The city is employing what it calls a "rigorous process" to vet winning bidders. Winners must pay 10% of the price within 72 hours of winning the auction. If purchased for $20,000 or less, winners must make the full payment within 60 days of the auction. Winners have 90 days to make a full payment if a property is purchased for more than $20,000.

The Detroit Land Bank Authority requires winners to demonstrate executed construction contracts for home rehabs within 30 days of closing. If the winner is rehabbing the home themselves, they are required to provide corresponding receipts.

Buyers have six months to be granted a certificate of occupancy and have the home occupied. Failure to meet all of these requirements results in losing both property and purchase price. Such rules should prevent speculators from buying properties only to sit on them, leaving them unoccupied and at-risk for scrapping and squatting, something for which the Wayne County Tax Auction has been criticized.

On April 27, the East English Village Association, heavily involved in the auction's first round, will be hosting open houses for the buildings available in its neighborhood.

Source: Building Detroit press release
Writer: MJ Galbraith

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Sturgis-native moves to Detroit, starts junk removal business

A new junk and trash removal service has opened on the city's far west side. Scott Stauffer moved his family from Sturgis, Michigan this winter to start Detroit Junkbusters. The company, which utilizes a heavy duty truck and a 6x12 dump trailer, offers services to Wayne, Oakland, Macomb, Washtenaw, Livingston, and Monroe counties.

Scott sees his company as an opportunity to help and meet people in his new community. As he gets situated here, Scott hopes to organize some community service events, donating his time and equipment to remove illegal dumping waste.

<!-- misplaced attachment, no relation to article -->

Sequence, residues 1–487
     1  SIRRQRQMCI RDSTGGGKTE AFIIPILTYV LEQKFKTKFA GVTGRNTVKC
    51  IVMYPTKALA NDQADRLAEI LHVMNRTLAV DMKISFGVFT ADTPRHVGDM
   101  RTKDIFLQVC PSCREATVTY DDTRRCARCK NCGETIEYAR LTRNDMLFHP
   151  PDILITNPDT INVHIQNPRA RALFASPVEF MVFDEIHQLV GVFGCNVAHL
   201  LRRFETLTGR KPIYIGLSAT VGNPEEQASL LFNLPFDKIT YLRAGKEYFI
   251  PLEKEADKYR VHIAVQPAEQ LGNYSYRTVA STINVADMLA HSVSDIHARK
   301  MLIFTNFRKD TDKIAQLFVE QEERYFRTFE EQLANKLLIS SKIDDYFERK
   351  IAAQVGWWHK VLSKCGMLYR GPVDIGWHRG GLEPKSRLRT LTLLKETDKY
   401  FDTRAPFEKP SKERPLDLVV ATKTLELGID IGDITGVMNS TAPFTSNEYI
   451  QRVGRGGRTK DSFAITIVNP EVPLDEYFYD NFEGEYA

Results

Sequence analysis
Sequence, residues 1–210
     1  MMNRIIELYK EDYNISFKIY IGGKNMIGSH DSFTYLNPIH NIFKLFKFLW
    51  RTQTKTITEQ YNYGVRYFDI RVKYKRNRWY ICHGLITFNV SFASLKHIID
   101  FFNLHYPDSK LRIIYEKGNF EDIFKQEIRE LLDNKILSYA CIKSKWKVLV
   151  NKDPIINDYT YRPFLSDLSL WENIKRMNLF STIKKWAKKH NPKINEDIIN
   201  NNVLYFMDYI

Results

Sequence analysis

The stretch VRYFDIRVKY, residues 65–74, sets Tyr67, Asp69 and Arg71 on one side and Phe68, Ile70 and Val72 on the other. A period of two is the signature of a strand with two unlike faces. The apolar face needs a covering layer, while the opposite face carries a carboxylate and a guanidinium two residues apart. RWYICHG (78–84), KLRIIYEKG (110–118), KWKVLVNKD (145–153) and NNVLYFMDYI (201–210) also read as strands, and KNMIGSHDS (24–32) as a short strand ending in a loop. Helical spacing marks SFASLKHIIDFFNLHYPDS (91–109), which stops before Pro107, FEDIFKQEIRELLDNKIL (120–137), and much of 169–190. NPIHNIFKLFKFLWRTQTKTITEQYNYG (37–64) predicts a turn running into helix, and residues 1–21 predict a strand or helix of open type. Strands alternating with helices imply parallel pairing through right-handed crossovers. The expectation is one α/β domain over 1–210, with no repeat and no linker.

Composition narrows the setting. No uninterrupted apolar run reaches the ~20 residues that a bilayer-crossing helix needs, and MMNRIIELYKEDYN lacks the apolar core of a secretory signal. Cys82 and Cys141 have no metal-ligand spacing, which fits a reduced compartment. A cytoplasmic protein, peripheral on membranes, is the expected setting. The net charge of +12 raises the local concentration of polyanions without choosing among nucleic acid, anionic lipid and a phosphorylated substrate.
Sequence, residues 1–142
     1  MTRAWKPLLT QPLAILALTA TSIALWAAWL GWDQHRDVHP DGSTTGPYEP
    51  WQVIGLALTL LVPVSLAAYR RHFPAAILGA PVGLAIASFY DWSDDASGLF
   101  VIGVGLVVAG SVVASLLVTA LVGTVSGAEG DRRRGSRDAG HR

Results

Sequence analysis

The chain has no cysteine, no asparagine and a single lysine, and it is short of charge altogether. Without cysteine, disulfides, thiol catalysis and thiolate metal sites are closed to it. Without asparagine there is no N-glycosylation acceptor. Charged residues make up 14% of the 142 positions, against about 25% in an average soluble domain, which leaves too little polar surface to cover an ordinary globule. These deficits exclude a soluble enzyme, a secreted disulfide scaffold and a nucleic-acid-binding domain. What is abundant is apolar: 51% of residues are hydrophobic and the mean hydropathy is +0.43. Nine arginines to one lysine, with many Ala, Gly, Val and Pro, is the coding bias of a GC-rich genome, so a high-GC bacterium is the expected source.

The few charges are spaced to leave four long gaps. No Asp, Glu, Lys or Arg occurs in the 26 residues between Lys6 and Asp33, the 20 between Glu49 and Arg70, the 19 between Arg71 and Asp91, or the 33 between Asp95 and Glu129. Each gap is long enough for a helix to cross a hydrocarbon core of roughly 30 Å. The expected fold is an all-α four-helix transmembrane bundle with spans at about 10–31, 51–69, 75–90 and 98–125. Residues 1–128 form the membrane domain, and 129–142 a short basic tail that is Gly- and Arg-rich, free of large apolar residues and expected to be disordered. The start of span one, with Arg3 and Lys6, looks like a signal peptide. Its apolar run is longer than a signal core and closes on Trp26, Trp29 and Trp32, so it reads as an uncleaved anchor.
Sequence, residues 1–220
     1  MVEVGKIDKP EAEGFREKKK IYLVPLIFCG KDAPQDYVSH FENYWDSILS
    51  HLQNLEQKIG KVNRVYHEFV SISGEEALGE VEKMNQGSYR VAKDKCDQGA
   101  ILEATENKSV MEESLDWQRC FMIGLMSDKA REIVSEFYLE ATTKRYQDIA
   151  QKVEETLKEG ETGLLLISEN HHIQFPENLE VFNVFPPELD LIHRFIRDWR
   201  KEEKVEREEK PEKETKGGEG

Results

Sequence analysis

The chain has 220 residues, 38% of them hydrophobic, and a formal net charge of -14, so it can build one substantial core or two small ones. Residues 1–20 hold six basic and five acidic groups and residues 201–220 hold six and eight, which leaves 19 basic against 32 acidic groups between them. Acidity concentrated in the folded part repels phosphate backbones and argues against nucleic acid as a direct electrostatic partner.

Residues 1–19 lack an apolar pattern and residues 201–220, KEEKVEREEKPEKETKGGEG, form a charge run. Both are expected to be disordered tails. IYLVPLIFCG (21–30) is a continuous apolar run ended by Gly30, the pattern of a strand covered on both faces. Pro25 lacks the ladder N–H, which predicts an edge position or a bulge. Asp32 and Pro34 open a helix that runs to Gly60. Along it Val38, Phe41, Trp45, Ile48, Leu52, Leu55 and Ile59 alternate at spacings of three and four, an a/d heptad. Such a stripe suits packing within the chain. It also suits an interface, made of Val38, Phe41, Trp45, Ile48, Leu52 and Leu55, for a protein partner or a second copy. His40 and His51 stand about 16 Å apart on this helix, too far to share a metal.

"There's a satisfaction you get from cleaning stuff up, from being able to help clean the neighborhood up," says Scott. "There's a satisfaction from taking something chaotic and disastrous and making it usable again."

Scott says his company will haul away junk and trash for just about anyone who hires them. No job's too small for Scott -- he's been called to remove a heavy television set for a person unable to move it on their own. He's happy to take the big jobs too, of course. He says that he recently removed four trailers worth of trash from a wrecked apartment unit.

Scott also tries to keep as much stuff out of landfills as possible, recycling and donating whatever he can. Rather than someone renting a dumpster to be dropped off in front of their house, Scott brings the dumpster to the house, removes the trash, and then takes it away.

A former roofer, Scott got the idea for the junk removal business after hanging out with some friends in the Kitchener, Ontario area. They had their own junk removal business there and Scott was taken with all the people he met throughout the day.

Source: Scott Stauffer, owner and CEO of Detroit Junkbusters
Writer: MJ Galbraith

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March development news round-up

March was another busy month for development news in the city. Let's catch up on five stories from the past four weeks.


Writer: MJ Galbraith

Got a development news story to share? Email MJ Galbraith here.

Reclaim Detroit trains over 300 in anticipation of deconstruction campaign for city

Reclaim Detroit has trained a workforce of over 300 people as it prepares to begin deconstructing the city's vacant buildings. The non-profit organization was selected after submitting to a Detroit RFP, becoming the official deconstruction contractor of the Detroit Land Bank Authority.

The city is using the federal government's Hardest Hit Fund to clear Detroit of many of its blighted buildings. Exact numbers of just how many houses will be deconstructed should be available at the end of the month when the Detroit Blight Removal Task Force has gone through its recently collected data.

Reclaim Detroit is a group that opts for deconstruction over demolition. Work crews go into a house and salvage as much of the original materials as possible. Rather than end up in a landfill, the reclaimed wood is for sale at Reclaim Detroit's store and warehouse at Focus: HOPE.

In addition to being environmentally friendly, the reclaimed wood is a popular design trend these days. A number of Detroit businesses, including Great Lakes Coffee Roasting Company and Whole Foods Market, feature the reclaimed wood. Craig Varterian, executive director of Reclaim Detroit, says that the group will even be outfitting a McDonald's soon. It's a sign that deconstruction is becoming more and more desirable these days. Varterian is excited, too, that in Reclaim Detroit's winning the city's RFP, Detroit chose deconstruction over demolition.